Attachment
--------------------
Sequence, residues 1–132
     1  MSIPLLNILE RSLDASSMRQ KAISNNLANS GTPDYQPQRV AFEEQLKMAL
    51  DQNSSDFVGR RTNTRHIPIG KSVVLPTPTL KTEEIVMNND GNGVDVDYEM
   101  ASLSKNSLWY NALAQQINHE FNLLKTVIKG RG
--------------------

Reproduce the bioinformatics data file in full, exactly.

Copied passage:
Sequence, residues 1–132
     1  MSIPLLNILE RSLDASSMRQ KAISNNLANS GTPDYQPQRV AFEEQLKMAL
    51  DQNSSDFVGR RTNTRHIPIG KSVVLPTPTL KTEEIVMNND GNGVDVDYEM
   101  ASLSKNSLWY NALAQQINHE FNLLKTVIKG RG